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Congresswoman shot
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mouse



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PostPosted: Tue Jan 11, 2011 8:06 pm    Post subject: Reply with quote

well, that's true - the republicans have been much, much better at simplifying their message, and propagating it successfully despite the vast chasm between the message and the reality.

which means liberals somehow have to find a way to a) simplify their own message and b) get people to pay attention to the 'liar, liar, pants on fire!' response to the republican message.
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Willem



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PostPosted: Tue Jan 11, 2011 8:15 pm    Post subject: Reply with quote

On the other hand, many of the policies the liberals stand for aren't that hard to start with and they can't even sell these.
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Korendir



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PostPosted: Tue Jan 11, 2011 8:38 pm    Post subject: Reply with quote

mouse wrote:
well, roger ailes has told beck, hannity, o'reilly et al. to tone it down and make their arguments 'intellectually' (i'm sure beck thinks he already does - hey, he uses a blackboard and everything!). AND he hopes "the other side" does it as well. so i guess that means olbermann. we'll see how that works out, and how long it lasts.

Well, there are two significant things to take from this. First, he told his people to tone it down. I'm less than optimistic that things will actually change at Fox, but it's a start.

Second, the president of Fox News acknowledged that they represent one side of the political spectrum. To my knowledge they had maintained their supposed unbiased "fair and balanced" claims until now.
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WheelsOfConfusion



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PostPosted: Tue Jan 11, 2011 8:41 pm    Post subject: Reply with quote

Obviously they represent the side of the political spectrum that's fair and balanced.
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mouse



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PostPosted: Tue Jan 11, 2011 9:00 pm    Post subject: Reply with quote

right. which is how they will continue to convince their idiot followers that they are the ones to listen to.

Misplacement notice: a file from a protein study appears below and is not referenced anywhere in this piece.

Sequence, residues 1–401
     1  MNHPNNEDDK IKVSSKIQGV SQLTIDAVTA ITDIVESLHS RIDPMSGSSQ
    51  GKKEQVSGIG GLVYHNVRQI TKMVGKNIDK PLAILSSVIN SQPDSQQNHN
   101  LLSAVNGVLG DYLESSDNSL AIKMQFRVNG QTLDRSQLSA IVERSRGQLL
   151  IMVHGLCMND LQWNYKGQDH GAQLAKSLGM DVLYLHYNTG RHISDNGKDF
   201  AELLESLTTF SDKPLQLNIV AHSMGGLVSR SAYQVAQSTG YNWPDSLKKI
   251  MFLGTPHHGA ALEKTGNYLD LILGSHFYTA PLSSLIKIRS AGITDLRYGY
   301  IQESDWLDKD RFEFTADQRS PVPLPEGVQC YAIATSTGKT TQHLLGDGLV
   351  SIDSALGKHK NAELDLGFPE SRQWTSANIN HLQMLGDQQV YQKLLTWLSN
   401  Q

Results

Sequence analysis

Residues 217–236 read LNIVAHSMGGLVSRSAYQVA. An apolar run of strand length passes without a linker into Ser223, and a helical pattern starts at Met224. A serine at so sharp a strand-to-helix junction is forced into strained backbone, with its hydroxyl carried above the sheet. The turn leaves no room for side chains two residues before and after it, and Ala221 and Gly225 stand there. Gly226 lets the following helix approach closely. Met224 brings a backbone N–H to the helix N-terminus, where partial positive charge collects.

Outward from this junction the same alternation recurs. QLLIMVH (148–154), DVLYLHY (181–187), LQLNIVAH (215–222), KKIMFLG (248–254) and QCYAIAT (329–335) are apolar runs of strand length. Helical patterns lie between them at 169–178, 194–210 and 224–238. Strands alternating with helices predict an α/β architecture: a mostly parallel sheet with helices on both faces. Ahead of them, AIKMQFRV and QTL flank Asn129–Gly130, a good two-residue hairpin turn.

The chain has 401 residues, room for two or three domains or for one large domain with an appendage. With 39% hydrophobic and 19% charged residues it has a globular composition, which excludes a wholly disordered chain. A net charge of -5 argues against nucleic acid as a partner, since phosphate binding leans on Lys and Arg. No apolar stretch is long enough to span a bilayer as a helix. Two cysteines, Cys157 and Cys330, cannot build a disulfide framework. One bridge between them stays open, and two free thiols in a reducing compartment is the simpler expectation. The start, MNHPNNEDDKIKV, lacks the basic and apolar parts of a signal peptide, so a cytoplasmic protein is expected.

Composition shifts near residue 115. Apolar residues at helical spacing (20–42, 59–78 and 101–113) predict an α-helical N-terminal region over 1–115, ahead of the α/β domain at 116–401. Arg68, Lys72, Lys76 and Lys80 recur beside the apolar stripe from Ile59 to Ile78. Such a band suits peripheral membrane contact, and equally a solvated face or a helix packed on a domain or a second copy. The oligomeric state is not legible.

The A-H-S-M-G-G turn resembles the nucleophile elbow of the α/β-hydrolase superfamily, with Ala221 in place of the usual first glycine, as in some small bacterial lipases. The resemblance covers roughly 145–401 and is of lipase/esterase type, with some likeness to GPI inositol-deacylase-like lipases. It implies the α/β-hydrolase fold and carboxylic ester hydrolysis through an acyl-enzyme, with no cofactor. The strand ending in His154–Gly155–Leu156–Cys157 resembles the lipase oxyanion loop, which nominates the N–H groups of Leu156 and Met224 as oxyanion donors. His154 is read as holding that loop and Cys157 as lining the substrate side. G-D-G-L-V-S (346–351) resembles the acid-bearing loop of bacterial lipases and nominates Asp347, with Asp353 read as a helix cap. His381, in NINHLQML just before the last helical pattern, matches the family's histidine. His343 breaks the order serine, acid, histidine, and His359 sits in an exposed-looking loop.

oh, and they are now the really nice guys, since they were the first to ask their commentators to tone it down.

the fact that their commentators started it all, and have pushed it for years...suspect that won't come up.
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Dogen



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PostPosted: Tue Jan 11, 2011 9:56 pm    Post subject: Reply with quote

ShadowCell wrote:
What American liberals really need is the same media and political savvy as Republicans--which includes ruthlessness and balls, but it also includes simplifying their message. The Republicans can sell themselves as the party of fiscal responsibility even though they have all the fiscal responsibility of a sixteen-year-old because they are better than liberals at manipulating the media to lend them the impression that they are fiscally responsible.

This is pretty spot on, I think. How quickly did the death panels rumor spread, despite the fact that it was about as far from the truth as you could get? It didn't matter because they kept repeating themselves - drag Grandma in front of a death panel, drag Grandma in front of a death panel - and by the time the left made any concerted effort to rebut it the public had heard the lie a thousand times, and even people who didn't believe it at first had started to believe it. Because surely they couldn't get away with saying it for so long if it weren't true...

One major problem is that the left is far more fractured than the right. The GOP ideological spectrum is much narrower, making it easier to lead members to act together. Olympia Snowe, a Republican Senator, has complained about this, as she's possibly the only moderate Republican left in the Senate (or at least the only one with name recognition) and has said she often feels pushed out. The Democrats are a kind of big tent, stretching the gulf between Blue Dogs and Dennis Kucinich. We have Republican Lite through hardcore communist, which makes getting consensus impossible, and getting everyone to vote as a bloc even harder (seriously). So, Democrats never present that united front that Republicans do. Ideologically, I think it's a good thing, but practically it cuts them off at the knees pretty frequently.
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Mindslicer



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PostPosted: Tue Jan 11, 2011 10:20 pm    Post subject: Reply with quote

United in Horror
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Dogen



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PostPosted: Tue Jan 11, 2011 10:46 pm    Post subject: Reply with quote

Quote:
But chances are that Loughner’s motives will prove as irreducibly complex as those of most of his predecessors in assassination. Violence in American politics tends to bubble up from a world that’s far stranger than any Glenn Beck monologue — a murky landscape where worldviews get cobbled together from a host of baroque conspiracy theories, and where the line between ideological extremism and mental illness gets blurry fast.

...

When our politicians and media loudmouths act like fools and zealots, they should be held responsible for being fools and zealots. They shouldn’t be held responsible for the darkness that always waits to swallow up the unstable and the lost.